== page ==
For this article ASUS dropped off a GeForce GTX 680 and I quickly wanted to show it to you.
The card is actually 100% based on the reference design as you can see, aside from the sticker. In April you may expect the customized models like the DirectCU II.
The GeForce GTX 680 will come with two GB of graphics memory, that's definitely enough if you are a hardcore gamer with a monitor resolution of 1920x1200. If you plan to game on triple monitors then later on a 4GB model should become an option as well, that would definitely help you out in the uber high resolutions and hefty AA combinations.
The GeForce GTX 680 has a maximum power consumption of 195 Watts (170W typical power draw), you'll need to power the card with two 6-pin PCIe PEG leads from your power supply. We recommend a 550W power supply to start with, with one card of course. You will notice a somewhat unusually shaped power connector, it's indeed stacked. Using a custom stacked connector design NVIDIA was able to save on the PCB footprint.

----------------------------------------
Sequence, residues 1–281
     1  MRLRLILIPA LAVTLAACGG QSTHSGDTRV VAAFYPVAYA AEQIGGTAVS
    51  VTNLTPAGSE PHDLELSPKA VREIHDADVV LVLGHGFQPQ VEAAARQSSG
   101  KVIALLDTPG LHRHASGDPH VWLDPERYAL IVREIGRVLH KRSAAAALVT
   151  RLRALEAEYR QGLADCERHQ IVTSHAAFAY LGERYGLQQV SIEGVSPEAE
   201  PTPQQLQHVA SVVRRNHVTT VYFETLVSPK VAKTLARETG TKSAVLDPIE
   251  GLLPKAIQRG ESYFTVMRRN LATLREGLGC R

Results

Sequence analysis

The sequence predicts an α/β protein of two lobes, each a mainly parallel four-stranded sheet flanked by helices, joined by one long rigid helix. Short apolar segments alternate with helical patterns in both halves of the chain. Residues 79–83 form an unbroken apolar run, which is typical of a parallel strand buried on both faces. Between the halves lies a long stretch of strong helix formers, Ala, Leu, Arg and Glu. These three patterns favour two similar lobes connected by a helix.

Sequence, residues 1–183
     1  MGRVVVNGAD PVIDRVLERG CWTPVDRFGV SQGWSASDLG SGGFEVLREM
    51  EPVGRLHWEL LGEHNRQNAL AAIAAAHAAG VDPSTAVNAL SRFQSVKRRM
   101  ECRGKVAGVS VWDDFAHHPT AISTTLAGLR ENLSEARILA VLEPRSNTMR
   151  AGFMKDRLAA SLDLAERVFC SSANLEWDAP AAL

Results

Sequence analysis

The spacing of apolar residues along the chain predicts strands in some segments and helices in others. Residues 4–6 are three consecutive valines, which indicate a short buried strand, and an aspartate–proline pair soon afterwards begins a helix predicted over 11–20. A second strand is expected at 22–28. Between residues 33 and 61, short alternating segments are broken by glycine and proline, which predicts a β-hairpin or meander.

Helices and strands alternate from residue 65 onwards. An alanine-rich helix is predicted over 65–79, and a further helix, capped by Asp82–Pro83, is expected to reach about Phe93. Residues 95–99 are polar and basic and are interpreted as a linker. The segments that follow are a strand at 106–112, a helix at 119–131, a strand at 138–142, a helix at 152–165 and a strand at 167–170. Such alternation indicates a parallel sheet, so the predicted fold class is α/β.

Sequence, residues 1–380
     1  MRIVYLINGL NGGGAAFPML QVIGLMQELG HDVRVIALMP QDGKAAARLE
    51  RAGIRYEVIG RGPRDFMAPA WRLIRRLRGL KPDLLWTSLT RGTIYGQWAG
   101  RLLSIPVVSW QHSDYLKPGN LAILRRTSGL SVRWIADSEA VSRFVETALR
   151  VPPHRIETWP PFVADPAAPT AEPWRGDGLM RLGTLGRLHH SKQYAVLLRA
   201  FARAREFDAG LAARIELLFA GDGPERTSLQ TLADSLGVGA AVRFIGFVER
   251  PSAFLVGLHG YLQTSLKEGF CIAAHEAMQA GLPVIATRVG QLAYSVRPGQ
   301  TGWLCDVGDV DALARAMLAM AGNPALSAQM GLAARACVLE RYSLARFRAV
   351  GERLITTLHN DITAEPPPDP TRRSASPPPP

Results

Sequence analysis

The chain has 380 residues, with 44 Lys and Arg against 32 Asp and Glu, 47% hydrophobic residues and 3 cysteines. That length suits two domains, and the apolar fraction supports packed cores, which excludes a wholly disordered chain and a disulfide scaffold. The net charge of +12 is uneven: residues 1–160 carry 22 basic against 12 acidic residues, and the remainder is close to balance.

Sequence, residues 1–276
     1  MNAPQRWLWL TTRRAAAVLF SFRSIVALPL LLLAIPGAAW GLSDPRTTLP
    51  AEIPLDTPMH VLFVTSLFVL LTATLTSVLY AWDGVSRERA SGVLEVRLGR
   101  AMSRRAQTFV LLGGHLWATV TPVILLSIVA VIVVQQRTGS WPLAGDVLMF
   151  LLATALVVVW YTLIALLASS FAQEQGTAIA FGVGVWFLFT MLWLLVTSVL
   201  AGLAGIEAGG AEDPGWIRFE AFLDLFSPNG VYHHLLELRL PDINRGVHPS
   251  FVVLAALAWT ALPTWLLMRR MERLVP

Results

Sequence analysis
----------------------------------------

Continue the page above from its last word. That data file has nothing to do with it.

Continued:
The PCB itself is based on a 4-phase power design with two added phases for the memory subsystem that's thus a 4+2 phase design. The card is PCIe gen 3.0 compatible. Going from PCIe Gen 2 to Gen 3 doubles the bandwidth available to the add-on cards installed, from 500MB/s per lane to 1GB/s per lane.
Covered by the two blue caps, Of course multi-GPU gaming is always a viable option as we'll show you in this article. Like any high-end GeForce graphics card, NVIDIA will allow you to opt for the multi-GPU road as you may pair two or three cards in one PC -- heck even four if you are rather rich of course.
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